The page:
Using FM4-64 to label endosomes and Abp1p-GFP or Sac6p-GFP to label actin patches, we find that (1) endosomes colocalize with actin patches as they assemble at the bud cortex; (2) endosomes colocalize with actin patches as they undergo linear, retrograde movement from buds toward mother cells; and (3) actin patches interact with and disassemble at FM4-64–labeled internal compartments. We also show that retrograde flow of actin cables mediates retrograde actin patch movement. An Arp2/3 complex mutation decreases the frequency of cortical, nonlinear actin patch movements, but has no effect on the velocity of linear, retrograde actin patch movement. Rather, linear actin patch movement occurs at the same velocity and direction as the movement of actin cables. Moreover, actin patches require actin cables for retrograde movements and colocalize with actin cables as they undergo retrograde movement. Our studies support a mechanism whereby actin cables serve as “conveyor belts” for retrograde movement and delivery of actin patches/endosomes to FM4-64–labeled internal compartments.
Actin patches and actin cables are the two F-actin–containing structures that persist throughout the cell cycle in budding yeast. Actin patches are punctate, cortical structures that predominantly localize to the bud and mother-bud neck. Actin cables are bundles of F-actin that align along the mother-bud axis and are implicated as tracks for the movement of secretory vesicles, mRNA, spindle alignment elements, mitochondria, Golgi, and vacuoles from the mother cell to the growing bud (Lazzarino et al., 1994; Hill et al., 1996; Simon et al., 1997; Takizawa et al., 1997; Pruyne et al., 1998; Rossanese et al., 2001; Schott, et al., 2002). Live cell imaging analyses revealed that both of these cytoskeletal structures are motile and highly dynamic (Doyle and Botstein, 1996; Waddle et al., 1996; Smith et al., 2001; Carlsson et al., 2002; Yang and Pon, 2002; Kaksonen et al., 2003). Actin cables assemble at the bud cortex and mother-bud neck. During this assembly process, new material is incorporated into the end of an existing actin cable at the assembly site. As a result, the distal ends of elongating actin cables undergo retrograde movement from the bud toward the mother cell at a rate of ∼0.3 μm/s. Actin patches also assemble in the bud cortex and mother-bud neck, but display a more complex pattern of movement (Kaksonen et al., 2003). In vegetative yeast, actin patches assemble at the bud cortex, and undergo random cortical movement that is associated with movement away from the plasma membrane. Thereafter, some actin patches undergo linear, retrograde movement toward the mother cell. A similar pattern of actin patch movement occurs in yeast during mating projection formation (Smith et al., 2001). Here, we provide evidence that actin patches and actin cables play direct roles in endocytosis in budding yeast.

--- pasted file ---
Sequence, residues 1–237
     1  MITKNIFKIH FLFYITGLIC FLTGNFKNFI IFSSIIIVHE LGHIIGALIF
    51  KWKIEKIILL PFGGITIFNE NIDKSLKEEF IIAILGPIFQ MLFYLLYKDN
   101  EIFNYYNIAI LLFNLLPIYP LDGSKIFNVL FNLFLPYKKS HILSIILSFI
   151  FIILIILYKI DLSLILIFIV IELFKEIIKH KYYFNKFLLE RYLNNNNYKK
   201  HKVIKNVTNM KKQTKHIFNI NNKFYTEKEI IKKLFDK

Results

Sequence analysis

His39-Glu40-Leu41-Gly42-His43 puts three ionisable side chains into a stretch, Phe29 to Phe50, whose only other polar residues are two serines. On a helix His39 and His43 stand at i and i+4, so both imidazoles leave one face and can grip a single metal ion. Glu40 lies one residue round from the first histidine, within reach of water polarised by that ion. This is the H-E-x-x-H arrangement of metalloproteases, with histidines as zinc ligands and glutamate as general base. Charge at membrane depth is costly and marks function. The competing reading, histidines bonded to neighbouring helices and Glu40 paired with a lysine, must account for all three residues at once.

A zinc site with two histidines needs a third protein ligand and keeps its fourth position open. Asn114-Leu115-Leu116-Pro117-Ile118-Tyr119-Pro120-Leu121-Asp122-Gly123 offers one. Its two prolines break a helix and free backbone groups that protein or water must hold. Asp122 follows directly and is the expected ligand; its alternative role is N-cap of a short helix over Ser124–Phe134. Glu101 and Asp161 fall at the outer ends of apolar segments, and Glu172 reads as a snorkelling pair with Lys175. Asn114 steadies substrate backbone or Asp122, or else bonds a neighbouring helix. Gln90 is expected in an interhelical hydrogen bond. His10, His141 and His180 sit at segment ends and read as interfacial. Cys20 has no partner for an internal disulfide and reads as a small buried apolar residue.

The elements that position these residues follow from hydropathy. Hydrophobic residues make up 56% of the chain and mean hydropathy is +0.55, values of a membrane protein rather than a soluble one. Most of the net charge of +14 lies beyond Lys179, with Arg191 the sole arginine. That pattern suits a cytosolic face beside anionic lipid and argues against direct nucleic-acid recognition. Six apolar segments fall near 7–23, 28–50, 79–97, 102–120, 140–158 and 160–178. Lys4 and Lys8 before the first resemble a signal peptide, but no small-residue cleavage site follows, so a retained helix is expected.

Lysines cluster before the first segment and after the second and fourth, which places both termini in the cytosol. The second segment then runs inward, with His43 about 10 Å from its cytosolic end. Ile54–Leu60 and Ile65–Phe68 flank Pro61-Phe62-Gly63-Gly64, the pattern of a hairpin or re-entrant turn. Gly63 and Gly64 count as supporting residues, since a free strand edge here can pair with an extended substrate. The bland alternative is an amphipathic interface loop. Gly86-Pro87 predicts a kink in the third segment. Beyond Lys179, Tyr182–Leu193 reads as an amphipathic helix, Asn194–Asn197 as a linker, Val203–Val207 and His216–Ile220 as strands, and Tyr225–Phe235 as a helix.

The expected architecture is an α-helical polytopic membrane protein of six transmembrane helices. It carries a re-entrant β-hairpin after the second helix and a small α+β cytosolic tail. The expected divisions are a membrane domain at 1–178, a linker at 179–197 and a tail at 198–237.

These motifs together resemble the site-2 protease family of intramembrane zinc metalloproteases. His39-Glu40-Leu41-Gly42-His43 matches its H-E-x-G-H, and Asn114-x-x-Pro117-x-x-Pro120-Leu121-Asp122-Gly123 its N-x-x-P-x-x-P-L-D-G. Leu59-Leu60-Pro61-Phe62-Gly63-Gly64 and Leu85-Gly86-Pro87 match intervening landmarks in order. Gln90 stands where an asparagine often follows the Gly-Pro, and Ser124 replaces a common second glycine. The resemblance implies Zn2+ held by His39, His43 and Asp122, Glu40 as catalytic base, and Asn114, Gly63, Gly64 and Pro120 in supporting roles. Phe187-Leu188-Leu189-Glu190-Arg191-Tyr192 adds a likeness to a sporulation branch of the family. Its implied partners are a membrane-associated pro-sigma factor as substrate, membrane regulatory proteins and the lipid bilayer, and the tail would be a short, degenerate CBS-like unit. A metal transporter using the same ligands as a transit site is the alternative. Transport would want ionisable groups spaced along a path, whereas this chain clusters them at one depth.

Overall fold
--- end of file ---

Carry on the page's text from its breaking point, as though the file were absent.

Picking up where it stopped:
Several lines of evidence support a link between actin patches and endocytosis. First, mutations in proteins required for endocytosis map to actin, actin patch proteins, or proteins that affect actin organization (Kubler and Riezman, 1993). Second, many of the proteins required for endocytosis, including the Arp2/3 complex, Arp2/3 complex activators, and the actin-regulating protein kinases (Ark1p and Prk1p), localize to actin patches (Li, 1997; Moreau et al., 1997; Pruyne and Bretscher, 2000; Goode and Rodal, 2001; Sekiya-Kawasaki et al., 2003). Third, destabilization of actin using the drug jasplakinolide or mutation of actin patch proteins (e.g., cofilin, Sla2p, or Arp2p) produces defects in endocytosis (Lappalainen and Drubin, 1997; Moreau et al., 1997; Tang et al., 1997; Ayscough, 2000; Kaksonen et al., 2003). Fourth, biochemical studies indicate that pheromone receptors, which undergo endocytosis during mating, can bind to Arp2/3 complex activators that localize to actin patches (Winter et al., 1999; Duncan et al., 2001; Goode et al., 2001; Howard et al., 2002).